Labour’s former undertaking leader Harriet Harman has questioned whether the “extra-judicial killing” of a Cardiff jihadist can be suitably justified.
Reyaad Khan, 21, died in an RAF drone strike butt Islamic State militants in Syria last August.
David Cameron mentioned MPs on Tuesday the attack was “necessary and proportionate” to protect the UK.
Ms Harman said such power outside a war zone was a “new de rture” and needed to be “properly accountable”.
In September, the prime consul announced that Khan and Ruhul Amin, from Aberdeen, had been dnouemented by a UK drone strike in Syria.
MPs have since voted to authorise UK air blow its in the war-torn country.
Questioned by MPs on the Commons Liaison committee on Tuesday, Mr Cameron secure the drone attack which killed Khan and Amin as “necessary and proportionate”.
He disclosed the UK was currently engaged in an operation against a terrorist group that aims to “blow up, kill and maim our citizens”.
Ms Harman, a member of the committee, told BBC Disseminate Wales on Wednesday she was concerned at the lack of oversight of the operation.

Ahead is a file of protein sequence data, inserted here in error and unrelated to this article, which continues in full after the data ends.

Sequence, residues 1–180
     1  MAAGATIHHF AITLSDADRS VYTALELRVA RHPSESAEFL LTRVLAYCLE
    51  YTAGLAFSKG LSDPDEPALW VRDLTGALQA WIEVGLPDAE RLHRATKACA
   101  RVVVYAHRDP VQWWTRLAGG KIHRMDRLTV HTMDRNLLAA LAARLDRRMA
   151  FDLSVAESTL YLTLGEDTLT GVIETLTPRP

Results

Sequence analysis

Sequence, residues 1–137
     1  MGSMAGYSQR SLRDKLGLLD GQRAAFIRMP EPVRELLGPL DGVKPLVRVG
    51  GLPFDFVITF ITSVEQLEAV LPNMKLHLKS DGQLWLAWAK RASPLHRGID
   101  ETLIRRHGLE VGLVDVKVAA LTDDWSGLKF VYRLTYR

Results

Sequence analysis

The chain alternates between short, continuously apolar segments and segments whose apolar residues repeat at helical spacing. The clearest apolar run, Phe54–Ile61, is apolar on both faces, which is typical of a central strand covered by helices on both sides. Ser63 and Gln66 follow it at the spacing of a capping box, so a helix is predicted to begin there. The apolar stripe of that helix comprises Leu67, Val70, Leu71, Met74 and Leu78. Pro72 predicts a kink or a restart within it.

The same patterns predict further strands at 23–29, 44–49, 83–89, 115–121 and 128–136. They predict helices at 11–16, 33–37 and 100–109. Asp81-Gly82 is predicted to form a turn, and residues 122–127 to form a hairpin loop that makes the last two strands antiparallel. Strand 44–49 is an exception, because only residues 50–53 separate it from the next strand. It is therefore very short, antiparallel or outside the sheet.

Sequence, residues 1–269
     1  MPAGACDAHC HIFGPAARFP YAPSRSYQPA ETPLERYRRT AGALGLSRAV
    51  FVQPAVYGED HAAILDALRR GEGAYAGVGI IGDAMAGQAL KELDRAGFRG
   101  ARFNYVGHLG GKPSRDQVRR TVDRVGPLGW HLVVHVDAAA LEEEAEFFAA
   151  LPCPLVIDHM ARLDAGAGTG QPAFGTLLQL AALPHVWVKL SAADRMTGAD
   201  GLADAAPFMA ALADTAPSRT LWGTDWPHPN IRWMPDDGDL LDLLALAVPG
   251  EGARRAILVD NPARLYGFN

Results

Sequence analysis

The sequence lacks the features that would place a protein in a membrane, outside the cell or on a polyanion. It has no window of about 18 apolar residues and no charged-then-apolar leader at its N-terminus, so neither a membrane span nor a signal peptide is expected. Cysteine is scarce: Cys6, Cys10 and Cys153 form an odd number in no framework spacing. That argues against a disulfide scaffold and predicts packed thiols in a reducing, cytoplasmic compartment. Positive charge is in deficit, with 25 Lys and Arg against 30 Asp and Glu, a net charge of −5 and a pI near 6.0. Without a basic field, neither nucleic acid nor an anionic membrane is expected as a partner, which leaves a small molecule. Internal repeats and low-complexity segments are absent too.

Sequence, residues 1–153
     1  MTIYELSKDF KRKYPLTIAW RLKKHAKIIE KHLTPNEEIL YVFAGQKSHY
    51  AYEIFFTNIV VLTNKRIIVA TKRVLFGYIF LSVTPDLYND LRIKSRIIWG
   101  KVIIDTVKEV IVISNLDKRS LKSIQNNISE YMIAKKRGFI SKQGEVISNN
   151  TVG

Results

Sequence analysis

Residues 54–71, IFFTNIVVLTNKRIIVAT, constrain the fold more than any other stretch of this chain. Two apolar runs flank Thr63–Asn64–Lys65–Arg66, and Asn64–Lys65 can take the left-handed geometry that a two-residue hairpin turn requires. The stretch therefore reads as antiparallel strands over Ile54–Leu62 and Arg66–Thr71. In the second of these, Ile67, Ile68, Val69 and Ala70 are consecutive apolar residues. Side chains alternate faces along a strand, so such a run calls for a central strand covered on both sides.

“If you’re a member of the armed makes, you kill somebody in a military situation, that is legal and defensible and because you’re in an armed contention situation,” she said.
“But where we were in Syria, where Reyaad Khan was quarried and killed, we were not actually in a war conflict situation there.
“It was just a objective, what’s called extra-judicial killing.”
She added: “The idea of killing somebody in an area where the security mendings have targeted them and military carries out the killing, that is a new de rture.
“The Americans include done it for quite a long time but we’ve not done it before.
“If the police write finis to somebody in the line of duty, here in this country, it’s automatically referred to the a rt from police and crime commissioner, not because there’s an automatic assumption they’ve done something discredit.
“With the taking of a life you must make absolutely sure that it was the set to rights person, that the evidence was sufficient, that they did it in such a way that it didn’t put someone out of his innocent bystanders and that has to be looked at afterwards.”